As a leader, don’t fall prey to these common mistakes when communicating, part one

The ability to communicate effectively is one of the most important leadership traits, and should be a key component of companies’ executive search and recruitment efforts. That being said, even executives who think they have achieved the perfect balance between listening and exercising the gift of the gab might feel a twinge of uncertainty when it comes to approaching difficult conversations.

In a slideshow for the Harvard Business Review based on the book “Failure to Communicate: How Conversations Go Wrong and What You Can Do to Right Them” by Holly Weeks, Sarah Green drew attention to nine common mistakes that many of us make when engaging in complex, contentious or otherwise tricky conversations. The first four of these are as follows:

1) Succumbing to defensiveness

Adopting a combative mentality is a surefire way to turn a tense conversation into an outright hostile exchange.

“This allows the conversation to become a zero-sum game, with a winner and a loser,” wrote Green. “But the reality is, when we let conversations take on this tenor – especially at the office – everyone looks bad, and everyone loses.”

2) Oversimplifying issues in the name of efficiency

Business leaders are far from the only members of society guilty of oversimplifying problems. The practice of appointing a scapegoat is seen in everything from politics to personal lives, for the simple reason that it’s easier to boil down a problem to its most basic form – even if that means ignoring pieces of the puzzle that don’t fit.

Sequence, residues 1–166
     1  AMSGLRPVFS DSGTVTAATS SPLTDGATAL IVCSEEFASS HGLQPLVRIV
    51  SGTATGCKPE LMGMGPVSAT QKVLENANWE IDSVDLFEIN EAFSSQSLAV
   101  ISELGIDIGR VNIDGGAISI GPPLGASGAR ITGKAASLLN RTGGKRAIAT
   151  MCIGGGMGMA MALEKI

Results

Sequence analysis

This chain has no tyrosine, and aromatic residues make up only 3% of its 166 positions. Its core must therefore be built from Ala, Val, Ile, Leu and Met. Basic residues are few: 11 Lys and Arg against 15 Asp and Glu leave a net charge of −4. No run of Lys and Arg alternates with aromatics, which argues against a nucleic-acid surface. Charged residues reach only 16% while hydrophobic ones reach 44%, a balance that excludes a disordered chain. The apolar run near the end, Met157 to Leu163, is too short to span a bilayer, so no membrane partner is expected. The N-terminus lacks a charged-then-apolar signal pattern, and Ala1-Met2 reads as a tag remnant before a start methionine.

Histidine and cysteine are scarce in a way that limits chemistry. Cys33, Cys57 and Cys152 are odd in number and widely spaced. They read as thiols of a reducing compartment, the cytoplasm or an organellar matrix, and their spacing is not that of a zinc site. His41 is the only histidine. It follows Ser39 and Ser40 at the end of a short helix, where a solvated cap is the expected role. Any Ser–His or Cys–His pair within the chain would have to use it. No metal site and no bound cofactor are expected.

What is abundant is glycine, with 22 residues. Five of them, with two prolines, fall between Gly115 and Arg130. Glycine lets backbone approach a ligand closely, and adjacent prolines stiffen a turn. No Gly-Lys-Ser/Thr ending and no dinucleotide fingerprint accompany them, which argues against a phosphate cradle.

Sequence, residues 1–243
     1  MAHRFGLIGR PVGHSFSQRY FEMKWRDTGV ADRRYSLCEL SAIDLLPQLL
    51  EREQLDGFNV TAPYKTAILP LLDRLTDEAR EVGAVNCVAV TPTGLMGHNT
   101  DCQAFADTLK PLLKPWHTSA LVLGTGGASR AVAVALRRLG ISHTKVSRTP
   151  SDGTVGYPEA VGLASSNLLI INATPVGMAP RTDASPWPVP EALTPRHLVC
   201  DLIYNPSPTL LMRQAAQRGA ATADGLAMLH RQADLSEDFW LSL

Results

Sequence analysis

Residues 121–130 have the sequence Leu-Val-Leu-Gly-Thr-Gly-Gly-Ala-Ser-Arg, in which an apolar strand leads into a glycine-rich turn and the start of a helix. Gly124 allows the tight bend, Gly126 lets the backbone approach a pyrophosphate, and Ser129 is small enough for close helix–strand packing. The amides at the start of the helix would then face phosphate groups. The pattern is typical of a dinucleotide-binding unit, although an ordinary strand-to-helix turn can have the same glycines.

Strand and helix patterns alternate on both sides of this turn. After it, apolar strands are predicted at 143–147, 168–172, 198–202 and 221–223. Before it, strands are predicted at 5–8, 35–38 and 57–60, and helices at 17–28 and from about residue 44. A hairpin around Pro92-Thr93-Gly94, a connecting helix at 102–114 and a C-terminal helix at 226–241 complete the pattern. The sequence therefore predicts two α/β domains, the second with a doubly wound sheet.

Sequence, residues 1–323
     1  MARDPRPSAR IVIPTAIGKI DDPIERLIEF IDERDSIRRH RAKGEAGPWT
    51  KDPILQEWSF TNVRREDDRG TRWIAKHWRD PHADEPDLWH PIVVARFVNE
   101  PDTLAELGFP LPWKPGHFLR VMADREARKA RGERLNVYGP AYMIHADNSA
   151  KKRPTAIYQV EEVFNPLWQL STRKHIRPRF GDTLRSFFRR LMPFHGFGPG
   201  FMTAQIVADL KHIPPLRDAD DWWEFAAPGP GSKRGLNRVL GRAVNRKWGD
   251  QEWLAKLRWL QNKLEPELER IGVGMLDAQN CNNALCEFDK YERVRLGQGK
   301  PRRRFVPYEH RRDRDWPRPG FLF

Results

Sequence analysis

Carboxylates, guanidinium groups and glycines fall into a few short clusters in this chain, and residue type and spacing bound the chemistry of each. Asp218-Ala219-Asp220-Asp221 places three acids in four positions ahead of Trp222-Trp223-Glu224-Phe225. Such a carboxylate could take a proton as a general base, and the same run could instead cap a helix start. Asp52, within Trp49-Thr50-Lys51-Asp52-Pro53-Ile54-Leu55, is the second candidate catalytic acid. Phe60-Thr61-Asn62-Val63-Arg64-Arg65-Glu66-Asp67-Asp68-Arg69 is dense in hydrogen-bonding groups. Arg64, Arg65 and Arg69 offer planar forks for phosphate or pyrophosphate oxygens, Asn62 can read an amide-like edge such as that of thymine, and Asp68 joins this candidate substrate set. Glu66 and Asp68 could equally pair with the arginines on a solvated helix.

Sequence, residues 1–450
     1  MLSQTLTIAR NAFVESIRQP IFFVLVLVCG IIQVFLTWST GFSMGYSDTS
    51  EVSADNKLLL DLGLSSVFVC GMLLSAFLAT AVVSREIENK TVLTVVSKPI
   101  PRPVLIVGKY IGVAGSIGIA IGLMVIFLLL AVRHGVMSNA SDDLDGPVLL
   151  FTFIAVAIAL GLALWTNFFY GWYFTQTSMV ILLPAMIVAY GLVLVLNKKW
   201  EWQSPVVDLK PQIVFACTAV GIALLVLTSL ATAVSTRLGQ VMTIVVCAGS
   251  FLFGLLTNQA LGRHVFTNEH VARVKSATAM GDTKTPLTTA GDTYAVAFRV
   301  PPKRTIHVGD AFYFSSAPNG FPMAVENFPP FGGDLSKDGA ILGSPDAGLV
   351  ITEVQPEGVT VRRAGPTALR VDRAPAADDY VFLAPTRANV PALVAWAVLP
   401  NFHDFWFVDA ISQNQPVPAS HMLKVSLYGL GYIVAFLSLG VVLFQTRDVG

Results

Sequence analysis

“Because it’s daunting to try and tackle several issues at once, we may try to roll these problems up into a less-complex Über-Problem, but the existence of such a beast is often an illusion,” Green pointed out. “To avoid oversimplifying, remind yourself that if the issue weren’t complicated, it probably wouldn’t be so hard to talk about.”

3) Disrespect

When you imagine a disrespectful professional conversation, it probably involves one or more participants failing to treat the others with the appropriate respect. Although this kind of scenario can be a major obstacle to a productive dialogue, failure to respect oneself is just as pervasive of an issue.

“You need to respect the person you’re talking to, and you need to respect yourself,” advised Green. “Making sure that you respond in a way you can later be proud of will prevent you from being thrown off course if your counterpart is being openly hostile.”

4) Going to extremes

Our natural fight or flight instinct tends to come out when we’re in uncomfortable situations. In the boardroom, executives (hopefully) don’t literally engage in a physical fight or flee the room, but they may react by becoming overly aggressive or passive, which is often equally unproductive.

“Some of us react by confronting our counterpart more aggressively; others, by rushing to smooth things over,” noted Green. “We might even see-saw between both counterproductive poles. Instead, move to the middle: state what you really want.”

We’ll examine the final five common mistakes in part two.

About Caldwell Partners

Caldwell Partners is a leading international provider of executive search and has been for more than 40 years. As one of the world’s most trusted advisors in executive search, the firm has a sterling reputation built on successful searches for boards, chief and senior executives, and selected functional experts. With offices and partners across North America and in London, the firm takes pride in delivering an unmatched level of service and expertise to its clients.

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